Joe Biden says legal team thinks mask mandate is constitutional
Democratic presidential nominee Joe Biden admitted that while he believes that he would have the legal authority as president to implement a nationwide mask mandate, he “can’t guarantee you that yet.”
Speaking to reporters Wednesday in Wilmington, Del., the former vice president remarked that “there is a question” that he believed “can be answered in the positive” over “whether I can mandate over state lines that every single state has to comply.”
Biden made the comments after being asked by a CNN reporter how he would implement a national mask mandate.
“Our legal team thinks I can do that, based upon the degree to which there’s a crisis in those states, and how bad things are for the country,” Biden said, later adding, “I would make the case — I’d make the case why it’s necessary. I’d have the scientists arrayed to lay out in detail why. And I would go to every governor … Republican and Democratic governors and I’d say we have to have this national mandate. We must do it.”
The reporter then pressed the 2020 Democrat, asking how he would manage pushback from Republican governors.
“Well the question is whether I have the legal authority as president to sign an executive order. We think we do but I don’t — I can’t guarantee you that yet,” the Democratic presidential hopeful responded.
Earlier this month, Biden appeared to walk back his mid-August call for an immediate, three-month-long nationwide mask mandate, something he originally argued would save about 40,000 lives.
During an interview with AZFamily’s “Politics Unplugged” in early September, Biden was questioned about his repeated pledges to use the powers of the presidency to force Americans to wear masks.
Asked to respond to the governors who had appreciated President Trump’s more targeted coronavirus approach, which gave more authority to the states, Biden said, “Well, I hope you could trust the governors.
“But here’s the deal, the federal government — there’s a constitutional issue whether federal government could issue such a mandate. I don’t think constitutionally they could, so I wouldn’t issue a mandate.”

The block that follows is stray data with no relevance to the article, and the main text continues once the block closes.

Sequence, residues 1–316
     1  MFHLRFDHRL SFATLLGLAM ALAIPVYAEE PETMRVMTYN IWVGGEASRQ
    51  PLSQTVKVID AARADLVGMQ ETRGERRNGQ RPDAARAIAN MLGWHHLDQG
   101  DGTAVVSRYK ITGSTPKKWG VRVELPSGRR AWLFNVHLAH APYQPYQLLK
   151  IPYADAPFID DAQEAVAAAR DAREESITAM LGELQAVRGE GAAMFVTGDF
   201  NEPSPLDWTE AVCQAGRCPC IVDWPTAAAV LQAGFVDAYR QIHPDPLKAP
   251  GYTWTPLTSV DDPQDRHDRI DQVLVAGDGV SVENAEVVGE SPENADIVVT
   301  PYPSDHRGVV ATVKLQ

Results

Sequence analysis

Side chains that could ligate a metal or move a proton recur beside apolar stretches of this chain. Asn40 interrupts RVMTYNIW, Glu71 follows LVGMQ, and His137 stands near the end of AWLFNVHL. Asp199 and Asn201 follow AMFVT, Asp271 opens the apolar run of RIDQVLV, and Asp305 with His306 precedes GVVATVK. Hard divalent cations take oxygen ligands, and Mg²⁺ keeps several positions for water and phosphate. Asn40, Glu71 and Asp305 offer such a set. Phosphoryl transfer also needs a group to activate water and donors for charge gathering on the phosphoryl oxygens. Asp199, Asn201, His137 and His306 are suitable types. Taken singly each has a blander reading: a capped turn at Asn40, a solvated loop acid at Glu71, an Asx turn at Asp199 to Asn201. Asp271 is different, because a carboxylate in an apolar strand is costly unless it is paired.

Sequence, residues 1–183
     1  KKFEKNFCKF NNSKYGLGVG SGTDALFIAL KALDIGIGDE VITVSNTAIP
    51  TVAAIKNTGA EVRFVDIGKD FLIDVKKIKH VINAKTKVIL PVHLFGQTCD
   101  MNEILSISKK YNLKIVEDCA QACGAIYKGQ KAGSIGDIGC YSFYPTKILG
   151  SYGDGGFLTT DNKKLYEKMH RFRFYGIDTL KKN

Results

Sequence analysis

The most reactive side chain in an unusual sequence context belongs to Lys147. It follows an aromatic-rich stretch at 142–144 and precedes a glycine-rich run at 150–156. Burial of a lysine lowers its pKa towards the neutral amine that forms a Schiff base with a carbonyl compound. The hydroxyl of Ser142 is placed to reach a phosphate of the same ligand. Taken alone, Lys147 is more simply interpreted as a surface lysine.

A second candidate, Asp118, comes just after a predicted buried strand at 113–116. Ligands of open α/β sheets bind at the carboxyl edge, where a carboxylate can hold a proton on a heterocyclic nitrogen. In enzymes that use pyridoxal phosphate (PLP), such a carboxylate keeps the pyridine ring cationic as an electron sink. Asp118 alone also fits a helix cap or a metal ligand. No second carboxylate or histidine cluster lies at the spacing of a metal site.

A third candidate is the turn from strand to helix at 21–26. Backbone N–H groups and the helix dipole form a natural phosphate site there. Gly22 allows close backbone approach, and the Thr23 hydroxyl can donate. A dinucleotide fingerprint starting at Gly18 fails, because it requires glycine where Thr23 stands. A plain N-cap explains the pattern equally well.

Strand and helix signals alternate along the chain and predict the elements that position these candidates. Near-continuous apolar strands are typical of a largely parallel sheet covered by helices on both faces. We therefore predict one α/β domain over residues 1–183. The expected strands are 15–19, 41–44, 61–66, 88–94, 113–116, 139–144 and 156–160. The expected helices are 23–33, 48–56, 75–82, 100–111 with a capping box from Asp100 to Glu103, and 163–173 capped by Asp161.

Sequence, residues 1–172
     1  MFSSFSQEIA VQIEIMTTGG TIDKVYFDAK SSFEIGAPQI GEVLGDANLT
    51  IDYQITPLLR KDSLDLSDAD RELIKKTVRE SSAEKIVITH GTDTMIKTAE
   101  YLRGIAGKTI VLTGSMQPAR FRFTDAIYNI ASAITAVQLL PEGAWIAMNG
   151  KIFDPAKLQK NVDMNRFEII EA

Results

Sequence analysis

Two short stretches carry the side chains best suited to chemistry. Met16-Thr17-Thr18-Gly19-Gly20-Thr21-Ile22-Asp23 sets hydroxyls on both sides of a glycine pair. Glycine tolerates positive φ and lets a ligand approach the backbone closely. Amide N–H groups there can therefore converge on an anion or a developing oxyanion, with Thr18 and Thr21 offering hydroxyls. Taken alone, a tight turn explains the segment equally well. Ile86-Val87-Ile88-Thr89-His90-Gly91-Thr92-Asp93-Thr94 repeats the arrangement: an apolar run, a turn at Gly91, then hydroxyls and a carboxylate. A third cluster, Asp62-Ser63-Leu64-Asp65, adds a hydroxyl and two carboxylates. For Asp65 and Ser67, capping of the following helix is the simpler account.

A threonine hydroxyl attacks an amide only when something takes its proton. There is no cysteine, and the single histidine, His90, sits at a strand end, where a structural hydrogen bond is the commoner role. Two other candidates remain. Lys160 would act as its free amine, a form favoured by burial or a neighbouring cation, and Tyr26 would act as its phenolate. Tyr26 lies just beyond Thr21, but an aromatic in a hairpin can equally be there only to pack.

Given the legal challenges, Biden said, he would “plead with” people to wear a mask, adding, “I’d set an example.”
Biden then noted that case rates were dropping in places where local authorities had implemented mask orders.
“It’s about making sure the public is safe and secure, and that is a local decision but there should be national standards laid out as to how it should be gone about. You can’t mandate that,” he continued.
When calling for the mandate in August, he said, “I hope we learned a lesson. Hope the president has learned the lesson. But again, this is not about Democrat, Republican or independent. This is about saving Americans’ lives.”
Biden said at the time that he would use his federal powers to force mask wearing if elected in November.
Speaking to Pittsburgh CBS affiliate KDKA in June, the Democrat said he would sign an executive order requiring Americans to wear face coverings.
“The one thing we do know, these masks make a gigantic difference. I would insist that everybody in public be wearing that mask. [For] anyone to reopen, it would have to make sure that they walked into a business that had masks,” he said.
Asked if he would use his federal powers to require Americans to don masks, he replied, “Yes, I would from an executive standpoint, yes I would.”
Biden’s VP pick, Sen. Kamala Harris (D-Calif.), has also flip-flopped on the issue.
While the vice presidential hopeful stood by the 2020 Democrat when he announced his call for a national mandate, saying it would be one of their administration’s first orders of business, she walked back how enforceable the effort would be in an interview with NBC’s “Today” show in late August.
“It’s a standard. I mean, nobody’s going to be punished,” she said when she was asked how the order would be enforced.
“Nobody likes to wear a mask, this is a universal feeling, right? So, that’s not the point,” the California Democrat added.
“The point is this is what we as responsible people who love our neighbor, we have to just do that right now. God willing, it won’t be forever.”
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